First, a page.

Review: Star Daughter

Title: Star Daughter
Author: Shveta Thakrar
The daughter of a star and a mortal, Sheetal is used to keeping secrets. Pretending to be “normal.” But when an accidental flare of her starfire puts her human father in the hospital, Sheetal needs a full star’s help to heal him. A star like her mother, who returned to the sky long ago.
Sheetal’s quest to save her father will take her to a celestial court of shining wonders and dark shadows, where she must take the stage as her family’s champion in a competition to decide the next ruling house of the heavens–and win, or risk never returning to Earth at all.
This gorgeously imagined YA debut blends shades of Neil Gaiman’s Stardust and a breathtaking landscape of Hindu mythology into a radiant contemporary fantasy.

Let me start by saying the author sent me an ARC as part of a giveaway for her newsletter subscribers, but I was in no way compensated or asked to write a glowing review. But I’m still going to write a glowing review because this book brought me a lot of joy and I know a lot of people will enjoy it!

Sheetal is part-star and part-human, and lately her more sidereal aspects have been flaring up and causing trouble in the “lay low and make sure humans don’t figure out stars exist on Earth” department. A bad accident leaves her father in the emergency room and Sheetal trying to find a way to get to the Celestial court and convince her mother to heal him. I love that this book made Sheetal’s teenager struggles about fitting in and anxieties about why her mother left her just as important (if not more so) than the grand schemes of the starry court and the role of stars in human lives. I also loved how Sheetal’s friendship with Minal was such a big part of the story. We need more female friendships in our books!

I really liked how this book used aspects of Hindu mythology to create a new (and sort of secular?) mythology. In this book’s world, there are gandarvas, apsaras, and other celestial beings from Hindu mythology, as well as magical objects. The stars from the major Hindu constellations (nakshatras) have been personified into magical beings who can choose to come down to Earth in human form. I thought the connection between the stars and the arts (music, poetry, sculpture…) was really clever, especially since we attribute a lot of inspiration to staring up at the stars or skies.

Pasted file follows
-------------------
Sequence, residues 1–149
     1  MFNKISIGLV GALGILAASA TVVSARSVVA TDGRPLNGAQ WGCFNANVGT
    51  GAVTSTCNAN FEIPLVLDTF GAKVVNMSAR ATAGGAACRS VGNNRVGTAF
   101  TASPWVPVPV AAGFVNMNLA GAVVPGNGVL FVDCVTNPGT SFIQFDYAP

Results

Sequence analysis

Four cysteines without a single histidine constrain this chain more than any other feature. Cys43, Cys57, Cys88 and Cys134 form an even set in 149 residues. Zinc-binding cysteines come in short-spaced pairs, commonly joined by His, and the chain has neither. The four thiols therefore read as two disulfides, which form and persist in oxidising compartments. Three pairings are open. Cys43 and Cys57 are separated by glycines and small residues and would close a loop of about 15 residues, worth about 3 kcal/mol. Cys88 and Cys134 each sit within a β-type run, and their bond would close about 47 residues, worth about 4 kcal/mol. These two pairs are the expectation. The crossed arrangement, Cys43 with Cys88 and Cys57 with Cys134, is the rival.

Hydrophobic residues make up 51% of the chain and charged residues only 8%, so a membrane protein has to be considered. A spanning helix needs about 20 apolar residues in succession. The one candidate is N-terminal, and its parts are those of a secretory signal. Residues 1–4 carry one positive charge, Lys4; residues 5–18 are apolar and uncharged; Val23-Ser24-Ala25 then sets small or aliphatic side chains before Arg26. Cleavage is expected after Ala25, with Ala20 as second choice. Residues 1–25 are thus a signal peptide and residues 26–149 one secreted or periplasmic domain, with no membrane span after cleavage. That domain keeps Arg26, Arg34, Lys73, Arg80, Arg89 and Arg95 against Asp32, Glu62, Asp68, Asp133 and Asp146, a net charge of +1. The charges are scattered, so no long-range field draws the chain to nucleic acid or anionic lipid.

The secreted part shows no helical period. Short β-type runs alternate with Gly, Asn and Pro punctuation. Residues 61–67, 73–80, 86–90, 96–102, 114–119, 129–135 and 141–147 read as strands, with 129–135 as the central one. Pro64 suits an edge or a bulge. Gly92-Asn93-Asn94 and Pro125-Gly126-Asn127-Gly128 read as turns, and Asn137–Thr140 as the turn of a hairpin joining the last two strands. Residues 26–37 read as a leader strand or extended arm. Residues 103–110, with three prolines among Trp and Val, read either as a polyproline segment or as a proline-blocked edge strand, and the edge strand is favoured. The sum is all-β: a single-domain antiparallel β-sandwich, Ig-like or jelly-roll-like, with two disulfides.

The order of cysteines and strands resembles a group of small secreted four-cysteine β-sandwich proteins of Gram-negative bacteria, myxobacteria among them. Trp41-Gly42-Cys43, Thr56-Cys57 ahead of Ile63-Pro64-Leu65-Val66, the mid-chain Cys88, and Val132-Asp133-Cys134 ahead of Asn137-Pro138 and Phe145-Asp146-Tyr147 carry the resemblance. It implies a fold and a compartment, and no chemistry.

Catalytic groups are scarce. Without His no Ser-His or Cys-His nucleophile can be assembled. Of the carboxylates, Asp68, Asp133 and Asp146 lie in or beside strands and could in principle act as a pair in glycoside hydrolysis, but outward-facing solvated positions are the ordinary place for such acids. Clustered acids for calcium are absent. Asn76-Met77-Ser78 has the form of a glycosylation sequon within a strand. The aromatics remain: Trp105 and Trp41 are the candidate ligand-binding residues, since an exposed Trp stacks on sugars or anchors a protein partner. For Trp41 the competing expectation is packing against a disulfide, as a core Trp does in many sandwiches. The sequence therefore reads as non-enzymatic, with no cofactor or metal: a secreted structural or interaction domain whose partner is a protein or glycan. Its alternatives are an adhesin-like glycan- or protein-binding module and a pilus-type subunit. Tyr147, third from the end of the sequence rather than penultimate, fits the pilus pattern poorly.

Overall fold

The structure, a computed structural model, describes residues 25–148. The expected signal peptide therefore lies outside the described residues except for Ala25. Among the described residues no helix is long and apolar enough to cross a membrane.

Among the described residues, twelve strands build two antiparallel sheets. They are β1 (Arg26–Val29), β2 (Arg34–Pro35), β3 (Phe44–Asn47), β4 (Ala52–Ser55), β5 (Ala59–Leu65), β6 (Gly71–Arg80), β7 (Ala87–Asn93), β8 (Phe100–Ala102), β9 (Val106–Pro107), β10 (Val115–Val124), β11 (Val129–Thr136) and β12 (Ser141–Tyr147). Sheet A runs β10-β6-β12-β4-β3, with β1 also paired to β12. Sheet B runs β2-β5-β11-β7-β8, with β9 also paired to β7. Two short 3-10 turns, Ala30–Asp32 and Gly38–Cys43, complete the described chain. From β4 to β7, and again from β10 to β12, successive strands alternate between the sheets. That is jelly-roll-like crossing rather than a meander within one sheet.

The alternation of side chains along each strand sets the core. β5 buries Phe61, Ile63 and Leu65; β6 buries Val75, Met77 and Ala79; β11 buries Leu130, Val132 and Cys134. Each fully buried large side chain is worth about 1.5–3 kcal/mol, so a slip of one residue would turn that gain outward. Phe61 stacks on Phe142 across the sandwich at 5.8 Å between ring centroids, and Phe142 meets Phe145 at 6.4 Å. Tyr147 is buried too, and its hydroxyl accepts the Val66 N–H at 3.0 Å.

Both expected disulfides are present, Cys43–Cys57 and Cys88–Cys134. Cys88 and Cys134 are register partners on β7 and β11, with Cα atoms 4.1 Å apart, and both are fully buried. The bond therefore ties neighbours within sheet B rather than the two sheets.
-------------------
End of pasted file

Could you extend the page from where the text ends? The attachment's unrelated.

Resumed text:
There were a few things I wasn’t a fan of, but they were pretty minor. The first is the pacing, I felt like it took too long for Sheetal to actually reach the Celestial court. Once she was there, I felt like I didn’t have as much of a sense of urgency as I was expecting considering Sheetal went up there to save her dying father but got pulled into star political shenanigans instead. The other thing that bugged me is the fact that Sheetal’s newfound star family members were really manipulative when they first met her, but Sheetal didn’t really stand up to them or call them out on it (probably because she’s a 17 year old who, like me, was raised in a culture to always obey your elders…I’m in my 20s and it’s still sometimes hard to stand up for myself). I wish Sheetal had been a little more wary of what was happening internally even if she didn’t speak out at first.

Something I noticed after I finished this book is that all the characters are Indian or Desi American, which was an interesting choice for a book set in contemporary New Jersey (and of course the Celestial court). Even though we see aspects of Sheetal’s daily life, they’re all in the context of her Indian friends and family, and I like that Shveta Thakrar didn’t feel the need to include a token white friend to make the book more “relatable”.

If you are even slightly interested in Stardust meets Hindu mythology, I would definitely recommend this book! It’s lushly written and Sheetal is a very relatable character. And if you’re worried about not knowing how to pronounce half the names, I’m gonna link you to my attempt at creating a pronunciation guide (there’s more names in the follow up tweet):

I hope you will check this book out! It’s definitely one of the better YA books I’ve read featuring Desi characters, and I wish I’d had it as a teenager.

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